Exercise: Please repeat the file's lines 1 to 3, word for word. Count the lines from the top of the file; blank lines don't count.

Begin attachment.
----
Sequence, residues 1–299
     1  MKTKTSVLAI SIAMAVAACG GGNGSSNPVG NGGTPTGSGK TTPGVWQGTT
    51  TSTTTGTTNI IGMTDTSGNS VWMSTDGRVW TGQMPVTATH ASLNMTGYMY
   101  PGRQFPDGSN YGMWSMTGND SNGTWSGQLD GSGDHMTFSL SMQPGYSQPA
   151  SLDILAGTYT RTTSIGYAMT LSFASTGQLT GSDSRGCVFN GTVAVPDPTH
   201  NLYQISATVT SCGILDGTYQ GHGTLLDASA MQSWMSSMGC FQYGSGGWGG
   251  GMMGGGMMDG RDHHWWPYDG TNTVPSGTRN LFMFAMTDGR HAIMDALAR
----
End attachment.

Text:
Sequence, residues 1–299
     1  MKTKTSVLAI SIAMAVAACG GGNGSSNPVG NGGTPTGSGK TTPGVWQGTT
    51  TSTTTGTTNI IGMTDTSGNS VWMSTDGRVW TGQMPVTATH ASLNMTGYMY